Since the 1990s, Julia Cameron has dominated the bookshelves, bookstores, and church basements with her “The Artist Way” series of writings. At the center of each work is Cameron’s two regular exercises for Creatives—the artist date and morning pages. The artist date is not a date with an artist, though that would be good too, but a weekly visit to a creative place such as a gallery, bookstore, creative group, etc. The morning pages, what we will consider here, are 750 handwritten words Cameron wants a Creative to write each morning to kick off the day.

Cameron points to the power of these three pages as a way to dump out and work out inner issues that we may not be aware of but are influencing our lives. This writing is both catharsis and self-discovery. A similar idea was promoted back in the 1930s by Dorothea Brande in her book, Becoming a Writer. Brande asked writers to sit down each morning and let flow the details that bubbled up from their dreams and between waking and sleeping. Brande said the writer would be surprised at the creative ideas and solutions captured in these free association sessions.

Cameron and Brande, of course, point to valuable advice. We all can benefit from conversing with and being open to the offerings of our unconscious. With that said, the Creative has, I believe a more pressing concern each morning.

Every day, we need to review where we are with our creative work, study, and planning. If we don’t take somewhere between 5 to 15 minutes to gather again, our focus on what we want to do, why we want to do it, and how we are going to do it—we go spinning off course. Once we are off course, the probability increases that we are going to stay off course. Trouble.

We have got to stay focused if there is to be any hope that we are to reach any level of our creative ambitions. A Morning Focusing Worksheet can accomplish this. It starts off with a few notes about our vision for our project, the general plan of how to get there, and a paragraph or two of our values and standards we wish to hold during this process. This section of the worksheet can grow each day as we re-read what we wrote the day before and we throw down a few more thoughts. Over time, this section will develop into a well polished and clear view of our creative life.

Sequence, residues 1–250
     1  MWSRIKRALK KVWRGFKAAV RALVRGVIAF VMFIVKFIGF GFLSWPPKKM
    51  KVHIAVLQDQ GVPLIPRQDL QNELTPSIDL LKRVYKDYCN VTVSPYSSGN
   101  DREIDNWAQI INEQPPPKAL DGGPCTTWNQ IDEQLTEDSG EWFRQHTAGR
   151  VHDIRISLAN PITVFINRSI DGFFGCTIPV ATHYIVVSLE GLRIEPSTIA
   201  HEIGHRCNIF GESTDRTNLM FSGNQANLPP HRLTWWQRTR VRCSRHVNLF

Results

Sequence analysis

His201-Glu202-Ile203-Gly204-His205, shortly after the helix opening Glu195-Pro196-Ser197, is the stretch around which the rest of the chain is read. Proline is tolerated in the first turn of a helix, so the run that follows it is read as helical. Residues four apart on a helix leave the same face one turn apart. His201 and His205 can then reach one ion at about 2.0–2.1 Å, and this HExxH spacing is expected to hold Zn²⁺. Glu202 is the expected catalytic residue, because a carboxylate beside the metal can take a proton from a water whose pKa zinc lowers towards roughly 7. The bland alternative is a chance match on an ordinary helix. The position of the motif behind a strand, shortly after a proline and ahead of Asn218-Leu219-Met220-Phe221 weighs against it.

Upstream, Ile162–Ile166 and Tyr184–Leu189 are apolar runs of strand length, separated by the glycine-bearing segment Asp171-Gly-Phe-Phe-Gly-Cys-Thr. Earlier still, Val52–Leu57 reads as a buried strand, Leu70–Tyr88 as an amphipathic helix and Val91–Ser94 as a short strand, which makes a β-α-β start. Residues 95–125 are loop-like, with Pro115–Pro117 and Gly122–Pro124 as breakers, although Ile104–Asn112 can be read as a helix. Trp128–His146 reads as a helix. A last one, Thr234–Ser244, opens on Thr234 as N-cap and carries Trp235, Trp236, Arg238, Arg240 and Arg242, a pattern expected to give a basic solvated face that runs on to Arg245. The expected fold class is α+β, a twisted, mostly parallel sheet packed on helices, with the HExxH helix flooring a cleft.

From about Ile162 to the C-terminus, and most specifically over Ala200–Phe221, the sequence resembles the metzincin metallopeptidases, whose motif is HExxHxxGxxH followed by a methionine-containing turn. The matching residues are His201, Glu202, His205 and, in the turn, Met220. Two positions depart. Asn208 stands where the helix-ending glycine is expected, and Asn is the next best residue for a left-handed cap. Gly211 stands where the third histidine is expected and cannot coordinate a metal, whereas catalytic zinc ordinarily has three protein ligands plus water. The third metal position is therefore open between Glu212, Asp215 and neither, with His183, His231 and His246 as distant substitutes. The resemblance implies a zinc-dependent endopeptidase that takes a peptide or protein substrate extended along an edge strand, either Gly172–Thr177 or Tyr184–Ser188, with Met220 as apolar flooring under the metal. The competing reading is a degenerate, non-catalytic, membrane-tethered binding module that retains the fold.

Having this emerging view at our fingertips is a great help for what comes next: listing what we need to do the rest of the day. This is not an entire things-to-do list of everything going on in our lives, just our creative tasks. That’s where we will do our best to keep our focus.

How to Do It – Your Morning Focusing Worksheet
I recommend doing this on a computer so you can easily revise the big picture elements and update your daily list. Don’t worry about grammar or spelling, just get down a word or two, or a few sentences. On your first day, spend a few extra minutes writing down your vision: for yourself, your creative life, and the specific project you are working on.

Next, write down what you realistically can get done during the day. Don’t over do it. As you think about what you want to accomplish, hold in mind an image/feeling that represents “getting focused.” This can be something symbolic (i.e. a magnifying glass), a role model (i.e. Sherlock Holmes), or an image of yourself on top of your game. Focus your head, heart, and body as well as your intention to make the day a productive one, a creative one.

That’s it.

The next day, the process starts again. Look at your Morning Focusing Worksheet, take the opportunity to say a bit more about your overall vision and goals or refine what is already down in that section. Then make your short list for the day. Pull your focus together with your focusing image. Next, get out there and have a creative day.

Repeat in 24 hours.

How to Create a Worksheet: Here’s what to include:

-Add a title of your worksheet (“Morning Focusing Worksheet” has a nice ring to it)

-Include a photo/illustration of a powerful image of focusing (i.e. a magnifying glass) – optional step

– List of what you are going to focus on for that day (keep it very short!)

– Make room for a slowly growing description of  your: creative big picture goals; your creative standards; vision for yourself; etc.

3 thoughts on “Morning Pages or Morning Focusing Worksheet?

  1. Yep… I love the rhythm of Cameron’s books, but I found the morning pages were just not my cuppa.

    My morning pages were composed of sentences like: “Wash the dog with a good leather cabbage.” Alas, surrealism is mere marketing at this end of the millennium, and I have no interest in selling anything, hence the boring.

    But appealing to my ipsissima list-o-freak is a sure bet. Thank ye!

  2. I journal every morning. Not quite the “morning pages” Julia Cameron prescribed in “the Artist’s Way,” but it’s what works for me. Helps me organize my deeper thoughts, requires my to be honest with myself, helps me uncover the “why.” Journalling is also a cheap shrink–and it helps hone my writing skills. I can’t get on with the day until I have journalled.

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